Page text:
High Stakes In High Performance Computing

Calendar icon

Supercomputing technology at defense labs and test centers help produce military-wide resultsfast

Processing a few megabytes of data can slow down your productivity; now imagine you are a Department of Defense (DoD) scientist or engineer trying to process petabytes.

From designing military aircraft, ships, and equipment to simulating human cell behavior, ocean, and weather patterns, our work on the High Performance Computing Modernization Program (HPCMP) for the U.S. Army, Navy and Air Force allows them to cut down processing time from days, weeks, or even months to hours.

In Data Center Two Military Men Work with Open Server Rack Cabinet.
Our high performance computing support gives the DoD petabyte processing power.


SAIC’s support team on the HPCMP Integrated Technical Services program, or HITS, is working to enable communication between diverse platforms of supercomputing software and hardware across DoD operations and research efforts. This diversity allows DoD scientists and engineers to remain competitively innovative in their ability to execute new projects quickly without adding additional staff or resources.

The HPCMP will collectively provide more than 233,000 compute cores, more than 890 terabytes of memory, and a total disk storage capacity of 43 petabytes over the life of the contract. To put that into perspective, a single supercomputer at a DoD Supercomputing Resource Center (DSRC) can process data at about two million times faster than the average laptop. Additionally, DoD supercomputing labs take up several thousand square-feet and have massive cooling facilities – enough to cool and power a small city.

Our support is helping the DoD to get their work done faster increasing national security. For example: 

• At the Army Corps of Engineers, Engineer Research and Development Center in Mississippi, researchers are using supercomputing data to develop models and simulate weather patterns. Using advanced technology, researchers calculated flood impacts from Hurricane Harvey before the storm hit.  

• At an Air Force Research Lab at Wright-Patterson in Ohio, scientists use trillions of computations per second to develop digital models that can replicate the high speeds and temperatures of wind tunnels in order to test aircraft engines.  

• At an Army Research Lab at Aberdeen Proving Ground in Maryland, researchers and scientists use computational models to predict performance improvements on helicopter parts, like a CH-47F Chinook rotor blade.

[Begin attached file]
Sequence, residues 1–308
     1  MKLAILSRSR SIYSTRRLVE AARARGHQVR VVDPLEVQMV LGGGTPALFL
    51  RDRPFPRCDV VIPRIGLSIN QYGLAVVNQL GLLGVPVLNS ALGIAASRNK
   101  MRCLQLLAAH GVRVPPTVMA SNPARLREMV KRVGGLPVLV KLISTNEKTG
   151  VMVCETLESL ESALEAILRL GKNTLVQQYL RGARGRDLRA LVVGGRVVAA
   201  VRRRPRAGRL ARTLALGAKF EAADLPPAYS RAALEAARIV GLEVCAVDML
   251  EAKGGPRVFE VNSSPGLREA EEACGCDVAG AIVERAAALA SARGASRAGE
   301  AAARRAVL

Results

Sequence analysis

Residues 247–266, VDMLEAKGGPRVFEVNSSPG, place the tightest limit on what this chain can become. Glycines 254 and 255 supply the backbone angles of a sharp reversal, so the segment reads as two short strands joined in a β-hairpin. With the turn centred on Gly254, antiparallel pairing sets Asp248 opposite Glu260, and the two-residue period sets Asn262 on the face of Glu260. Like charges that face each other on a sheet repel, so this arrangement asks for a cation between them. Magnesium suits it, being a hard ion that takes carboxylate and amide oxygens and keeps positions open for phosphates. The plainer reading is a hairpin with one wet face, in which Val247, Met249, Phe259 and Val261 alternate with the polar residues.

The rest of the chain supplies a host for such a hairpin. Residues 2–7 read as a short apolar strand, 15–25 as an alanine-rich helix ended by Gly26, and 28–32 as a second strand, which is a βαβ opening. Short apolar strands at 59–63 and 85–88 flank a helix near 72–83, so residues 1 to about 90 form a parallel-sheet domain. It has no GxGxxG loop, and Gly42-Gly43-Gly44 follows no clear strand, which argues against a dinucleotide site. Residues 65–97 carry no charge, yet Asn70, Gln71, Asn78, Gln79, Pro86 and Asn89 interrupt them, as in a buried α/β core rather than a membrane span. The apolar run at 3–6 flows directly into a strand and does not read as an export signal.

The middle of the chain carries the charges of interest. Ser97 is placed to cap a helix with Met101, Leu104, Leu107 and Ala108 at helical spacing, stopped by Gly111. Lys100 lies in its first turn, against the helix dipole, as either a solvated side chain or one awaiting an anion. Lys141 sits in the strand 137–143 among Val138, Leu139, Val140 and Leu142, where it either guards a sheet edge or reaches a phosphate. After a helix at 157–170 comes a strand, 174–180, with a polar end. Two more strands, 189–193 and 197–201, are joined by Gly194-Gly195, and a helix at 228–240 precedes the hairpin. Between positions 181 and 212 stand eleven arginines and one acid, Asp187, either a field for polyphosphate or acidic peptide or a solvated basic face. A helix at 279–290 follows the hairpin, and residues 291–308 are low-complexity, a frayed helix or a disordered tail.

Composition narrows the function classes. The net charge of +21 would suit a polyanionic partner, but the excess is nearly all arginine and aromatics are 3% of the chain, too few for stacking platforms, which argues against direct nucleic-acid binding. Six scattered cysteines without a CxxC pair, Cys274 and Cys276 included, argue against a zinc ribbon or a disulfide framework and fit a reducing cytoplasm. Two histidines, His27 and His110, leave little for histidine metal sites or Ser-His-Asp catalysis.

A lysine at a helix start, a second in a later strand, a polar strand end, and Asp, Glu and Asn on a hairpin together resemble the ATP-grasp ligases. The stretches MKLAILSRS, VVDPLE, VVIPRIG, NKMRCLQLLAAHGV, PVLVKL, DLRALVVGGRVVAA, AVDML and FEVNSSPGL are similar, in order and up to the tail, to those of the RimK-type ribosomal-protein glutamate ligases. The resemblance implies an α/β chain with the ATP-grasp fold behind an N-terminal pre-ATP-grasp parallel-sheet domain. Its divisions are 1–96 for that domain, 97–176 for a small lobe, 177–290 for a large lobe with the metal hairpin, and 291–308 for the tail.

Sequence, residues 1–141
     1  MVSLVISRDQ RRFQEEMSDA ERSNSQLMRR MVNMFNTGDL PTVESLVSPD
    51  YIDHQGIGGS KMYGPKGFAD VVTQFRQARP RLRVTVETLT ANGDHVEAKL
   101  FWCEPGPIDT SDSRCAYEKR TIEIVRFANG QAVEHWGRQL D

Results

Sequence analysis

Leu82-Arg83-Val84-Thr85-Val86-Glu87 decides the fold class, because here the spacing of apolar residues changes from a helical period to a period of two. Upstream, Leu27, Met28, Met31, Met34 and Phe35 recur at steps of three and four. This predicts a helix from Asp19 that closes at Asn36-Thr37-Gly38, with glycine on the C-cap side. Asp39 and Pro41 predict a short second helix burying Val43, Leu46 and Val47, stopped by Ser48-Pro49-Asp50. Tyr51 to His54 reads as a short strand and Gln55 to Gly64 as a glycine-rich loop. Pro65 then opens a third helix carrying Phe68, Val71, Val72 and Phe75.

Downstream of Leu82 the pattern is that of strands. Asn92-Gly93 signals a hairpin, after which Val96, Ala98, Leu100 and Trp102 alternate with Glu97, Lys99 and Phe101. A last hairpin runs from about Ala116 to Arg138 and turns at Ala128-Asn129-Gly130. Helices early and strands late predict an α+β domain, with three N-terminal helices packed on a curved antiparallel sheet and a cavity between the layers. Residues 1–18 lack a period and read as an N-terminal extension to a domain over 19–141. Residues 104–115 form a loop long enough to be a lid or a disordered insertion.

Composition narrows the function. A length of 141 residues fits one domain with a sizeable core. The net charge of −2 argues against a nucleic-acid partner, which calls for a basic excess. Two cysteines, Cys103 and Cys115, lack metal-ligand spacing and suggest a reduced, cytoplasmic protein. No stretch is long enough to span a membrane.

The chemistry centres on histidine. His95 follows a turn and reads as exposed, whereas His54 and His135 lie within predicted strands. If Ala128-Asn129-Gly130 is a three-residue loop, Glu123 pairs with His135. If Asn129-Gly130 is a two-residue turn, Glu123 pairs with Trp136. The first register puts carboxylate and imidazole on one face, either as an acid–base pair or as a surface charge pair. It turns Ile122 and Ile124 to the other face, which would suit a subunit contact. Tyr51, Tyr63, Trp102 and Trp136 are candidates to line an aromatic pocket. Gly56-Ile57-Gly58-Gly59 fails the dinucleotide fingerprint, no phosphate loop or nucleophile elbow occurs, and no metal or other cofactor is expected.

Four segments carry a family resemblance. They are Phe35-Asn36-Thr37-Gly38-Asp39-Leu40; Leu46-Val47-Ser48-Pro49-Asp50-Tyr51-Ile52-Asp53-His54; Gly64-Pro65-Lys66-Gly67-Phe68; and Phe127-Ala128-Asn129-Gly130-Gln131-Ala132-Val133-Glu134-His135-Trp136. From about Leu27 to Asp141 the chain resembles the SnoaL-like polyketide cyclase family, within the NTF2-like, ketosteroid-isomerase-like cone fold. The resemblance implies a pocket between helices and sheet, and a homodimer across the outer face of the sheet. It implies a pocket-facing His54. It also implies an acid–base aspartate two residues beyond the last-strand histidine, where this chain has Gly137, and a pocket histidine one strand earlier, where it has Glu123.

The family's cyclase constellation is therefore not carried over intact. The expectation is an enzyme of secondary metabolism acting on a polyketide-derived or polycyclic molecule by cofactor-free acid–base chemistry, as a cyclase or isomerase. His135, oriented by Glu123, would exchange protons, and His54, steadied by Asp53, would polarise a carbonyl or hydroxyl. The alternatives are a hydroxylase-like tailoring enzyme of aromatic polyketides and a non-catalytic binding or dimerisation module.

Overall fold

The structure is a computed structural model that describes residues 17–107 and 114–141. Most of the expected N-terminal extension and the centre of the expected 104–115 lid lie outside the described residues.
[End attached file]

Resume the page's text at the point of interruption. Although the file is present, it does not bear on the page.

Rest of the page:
• At the Naval Research Lab at Stennis Space Center in Mississippi, engineers combine air, ocean, and wave prediction systems to improve forecasting of tropical cyclones in order to create effective search and rescue, and mission planning. 

Group of military people in dark room watching the monitor
National security and military operations increasingly rely on supercomputing resources.


Modernized supercomputers at work

Our teams perform functional duties like systems administration and program management support within the five DSRCs. The DSRCs form just one of three sub-programs under the HPCMP. Our work supports the efforts of 3,500 DoD engineers and scientists working to improve the readiness and capabilities of our armed forces and protect our national security. 

We also support two supercomputing technology refreshes annually. These refreshes help to increase capacity and improve efficiencies at a DSRC through hardware updates, software license procurement, and other technology enhancements. Our teams have supported technology insertions at the individual centers to increase aggregate computational capabilities to users from 30 PetaFLOPS to nearly 50 PetaFLOPS.

Two SAIC technicians are in the server room
We provide on site and holistic program management support.


Our ability to apply systems and program management expertise seamlessly across the DSRCs, regardless of location, enables our teams to increase efficiencies and reduce costs in support of this life-changing work.  See more ways we are redefining what modernization looks like.